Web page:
Wednesday, January 14, 2004
No Public Displays of Effort
Body maintenance behind closed doors
Gyms are not for everyone. Neither is outdoor exercise. Some people's modesty just won't allow it. For some of us, sweat on display is plain distasteful, or potentially painful. Or just plain wrong.
I have an uncle, a retired doctor, who is in his 80s. He lives in a not-huge apartment. And he walks a mile a day. Inside. While watching the stock tickers. He's worked out his pacing, the distances up and down the halls and around his livingroom furniture.
And then there's Mel, a regular reader who lost more than 25 pounds last year, doing her exercises faithfully. Mostly upper-body, mind you, because her lower body is in a chair with wheels.
So if you're too shy to sweat in public, don't despair. Clearly, we have options. Shoot, even supermodels and celebrities have exactly the same problem you do. What they do is find a way to make home workouts work for them.
Home aerobic conditioning and strength training are great tools for dedicated home exercisers and gym rats alike. We all could use the skills and resources to maintain highly functional bodies past the age of, oh, say, 30, within easy reach of our homes.
Here are options to consider, from the least cost on up:
You and gravity
Pushups, sit-ups, crunches, lunges. Walking in place, around your house, up and down stairs. These make up a spectacular workout.
Gym class television
Free with a cable subscription, channels like The Health Network run exercises classes from very early to very late, almost on the half-hour. You'll want to have a strong stomach and a lock on your wallet to endure some of the advertising here for products that are beyond dubious. But I assume if you're able to read this, you're able to avoid spending your hard-earned dollars on anything that promises weight loss without effort. So do the workouts with the instructors then turn your back to the television during commercial breaks while you jog in place.
Leslie Sansone will get you up and moving, Karen Voight will chisel you, The Firm promises to carve your derriere into a form that pleases you, Tae Bo will give you heart in at least two dimensions. Start with one, add the next when you get bored. Build your library, trade with friends. Do them with your kids. Find them in your local library, at bookstores, wherever you rent your videos and DVDs, or online.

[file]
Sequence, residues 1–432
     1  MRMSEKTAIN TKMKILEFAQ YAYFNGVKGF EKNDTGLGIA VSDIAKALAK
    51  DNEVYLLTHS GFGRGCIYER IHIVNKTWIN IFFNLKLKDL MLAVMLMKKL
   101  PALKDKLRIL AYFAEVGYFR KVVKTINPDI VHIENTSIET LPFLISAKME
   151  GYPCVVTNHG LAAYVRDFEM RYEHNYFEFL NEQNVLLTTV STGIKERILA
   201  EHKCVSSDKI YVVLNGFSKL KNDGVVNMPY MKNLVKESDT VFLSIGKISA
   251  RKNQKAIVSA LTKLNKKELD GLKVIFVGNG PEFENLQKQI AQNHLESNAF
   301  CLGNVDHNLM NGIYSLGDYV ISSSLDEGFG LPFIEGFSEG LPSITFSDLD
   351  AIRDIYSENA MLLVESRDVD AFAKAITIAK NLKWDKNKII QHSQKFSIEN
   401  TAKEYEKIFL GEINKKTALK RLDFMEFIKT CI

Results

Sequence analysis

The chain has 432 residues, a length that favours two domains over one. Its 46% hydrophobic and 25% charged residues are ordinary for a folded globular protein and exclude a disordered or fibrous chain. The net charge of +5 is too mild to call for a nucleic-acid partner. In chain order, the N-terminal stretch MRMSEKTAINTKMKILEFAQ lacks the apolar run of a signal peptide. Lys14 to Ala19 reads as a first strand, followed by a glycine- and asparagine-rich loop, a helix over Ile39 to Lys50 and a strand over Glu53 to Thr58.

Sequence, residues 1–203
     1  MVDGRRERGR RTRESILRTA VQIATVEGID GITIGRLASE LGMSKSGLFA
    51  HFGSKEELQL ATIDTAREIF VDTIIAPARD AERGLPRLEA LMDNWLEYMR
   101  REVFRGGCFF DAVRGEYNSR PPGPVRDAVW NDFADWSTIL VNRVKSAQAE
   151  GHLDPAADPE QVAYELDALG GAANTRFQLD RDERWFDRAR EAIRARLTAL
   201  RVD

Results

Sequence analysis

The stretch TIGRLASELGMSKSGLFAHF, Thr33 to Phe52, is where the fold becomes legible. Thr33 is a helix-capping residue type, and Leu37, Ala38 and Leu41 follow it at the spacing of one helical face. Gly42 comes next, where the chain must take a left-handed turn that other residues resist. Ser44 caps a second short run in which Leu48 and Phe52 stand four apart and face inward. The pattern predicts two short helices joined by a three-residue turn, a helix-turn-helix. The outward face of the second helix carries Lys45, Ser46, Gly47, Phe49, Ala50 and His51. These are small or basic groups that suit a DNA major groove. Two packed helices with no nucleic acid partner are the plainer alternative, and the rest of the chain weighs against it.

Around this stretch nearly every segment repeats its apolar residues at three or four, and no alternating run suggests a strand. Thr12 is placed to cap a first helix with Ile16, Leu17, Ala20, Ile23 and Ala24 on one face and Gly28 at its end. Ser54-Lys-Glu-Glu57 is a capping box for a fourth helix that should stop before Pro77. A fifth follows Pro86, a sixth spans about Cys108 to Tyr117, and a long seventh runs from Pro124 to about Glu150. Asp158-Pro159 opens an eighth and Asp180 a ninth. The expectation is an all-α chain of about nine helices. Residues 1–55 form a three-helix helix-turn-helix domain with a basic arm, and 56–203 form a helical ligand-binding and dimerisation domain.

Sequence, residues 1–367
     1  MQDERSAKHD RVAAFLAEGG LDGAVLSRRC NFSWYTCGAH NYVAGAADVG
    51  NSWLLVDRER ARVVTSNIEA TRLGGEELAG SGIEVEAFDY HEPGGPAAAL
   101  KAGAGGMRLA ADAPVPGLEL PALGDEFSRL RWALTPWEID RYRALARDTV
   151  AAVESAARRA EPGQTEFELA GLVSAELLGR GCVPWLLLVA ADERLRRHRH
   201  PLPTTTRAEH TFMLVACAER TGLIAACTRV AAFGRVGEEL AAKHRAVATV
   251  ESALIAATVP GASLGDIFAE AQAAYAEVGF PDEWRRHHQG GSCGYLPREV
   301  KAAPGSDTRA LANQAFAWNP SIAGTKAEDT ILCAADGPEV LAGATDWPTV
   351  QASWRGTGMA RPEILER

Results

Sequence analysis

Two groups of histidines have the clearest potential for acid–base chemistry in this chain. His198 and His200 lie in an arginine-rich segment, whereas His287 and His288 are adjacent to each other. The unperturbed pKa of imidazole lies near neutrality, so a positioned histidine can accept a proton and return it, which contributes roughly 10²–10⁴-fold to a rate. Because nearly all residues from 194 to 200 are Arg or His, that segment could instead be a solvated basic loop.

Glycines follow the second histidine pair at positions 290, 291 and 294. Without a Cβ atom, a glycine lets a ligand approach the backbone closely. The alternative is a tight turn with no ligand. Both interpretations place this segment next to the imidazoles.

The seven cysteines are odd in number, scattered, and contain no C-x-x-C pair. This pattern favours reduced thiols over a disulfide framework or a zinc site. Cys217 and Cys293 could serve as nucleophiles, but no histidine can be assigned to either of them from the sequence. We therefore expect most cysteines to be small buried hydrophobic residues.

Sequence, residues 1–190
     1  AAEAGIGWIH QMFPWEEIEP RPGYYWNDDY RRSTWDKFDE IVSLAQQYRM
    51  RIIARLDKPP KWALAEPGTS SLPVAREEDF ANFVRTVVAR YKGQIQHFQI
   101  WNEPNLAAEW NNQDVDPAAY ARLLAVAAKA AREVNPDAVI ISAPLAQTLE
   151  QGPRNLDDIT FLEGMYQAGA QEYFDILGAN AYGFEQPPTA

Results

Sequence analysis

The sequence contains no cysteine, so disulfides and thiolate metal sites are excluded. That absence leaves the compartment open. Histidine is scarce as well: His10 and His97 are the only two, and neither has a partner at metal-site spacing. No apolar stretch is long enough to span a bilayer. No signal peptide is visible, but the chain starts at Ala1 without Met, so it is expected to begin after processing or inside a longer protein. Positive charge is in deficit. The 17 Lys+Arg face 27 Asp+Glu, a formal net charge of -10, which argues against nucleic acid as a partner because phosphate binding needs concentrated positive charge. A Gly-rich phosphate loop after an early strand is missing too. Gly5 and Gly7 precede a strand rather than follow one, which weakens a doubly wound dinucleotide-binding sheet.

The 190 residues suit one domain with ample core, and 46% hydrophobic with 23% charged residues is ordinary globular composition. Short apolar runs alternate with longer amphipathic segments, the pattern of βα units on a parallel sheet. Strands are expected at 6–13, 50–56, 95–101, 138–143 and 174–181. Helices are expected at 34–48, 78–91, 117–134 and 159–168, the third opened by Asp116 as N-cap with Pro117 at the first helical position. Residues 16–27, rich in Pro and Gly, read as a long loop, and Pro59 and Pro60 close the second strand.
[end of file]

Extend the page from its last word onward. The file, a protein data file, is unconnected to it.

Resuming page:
Mini Home Gym
My ultra-mini gym even travels with me: Therabands and an inflatable Pilates ball. Your home mini gym might include a large inflatable exercise ball for good ab work, some light, medium, and heavier dumbbells, a "sticky" mat for yoga and Pilates and floor exercises. These are enough to do great strength work at home. Try used equipment stores for your dumbbells if you're on a budget, or buy them at sporting goods stores to get matching sets in designer colors.
Major Home Gym
A good piece of aerobic equipment makes a great addition here, if you have the budget. And it will mean a serious chunk of change. A good exercise bike is likely the most durable, reliable, least space-consuming, and least expensive option. Treadmills with enough quality to last more than a season will start at around $1,000 for a good walking model, and will quickly climb to more than $2,000 for one that can endure the pounding a regular runner will put on it. An elliptical trainer, the low-impact aerobic trainer, will run about the same cost as a treadmill. Want more out for your strength training? Add an incline bench, or spring for a multipurpose weight machine or a Pilates reformer.
A Personal Trainer
You don't have to sign on with a trainer for life. It isn't necessary to have a trainer wake you each morning with a wheatgrass and alfalfa sprout smoothie to gain great benefits from working with one. Try a few sessions to see what these people can bring to your workouts. Consider having a trainer in to work with you and a friend to split the cost. Meet with a trainer once a week or once a month or every few months, if need be, to develop a workout program, check your form and progress. Look for one certified to work one-on-one with clients. In the U.S., the American Council on Exercise manages a database of certified personal trainers. Call them at 1-800-825-3636 x654.
Working out for the shy and gym-averse is not difficult to manage, expensive, or unreachable. In fact, knowing how to exercise in your own home is a great way to remove all excuses for not getting a regular workout.
posted by Julie |
Great video shopping
The Couch potato workout, Chicago Tribune
Find an ACE (American Council on Exercise) Trainer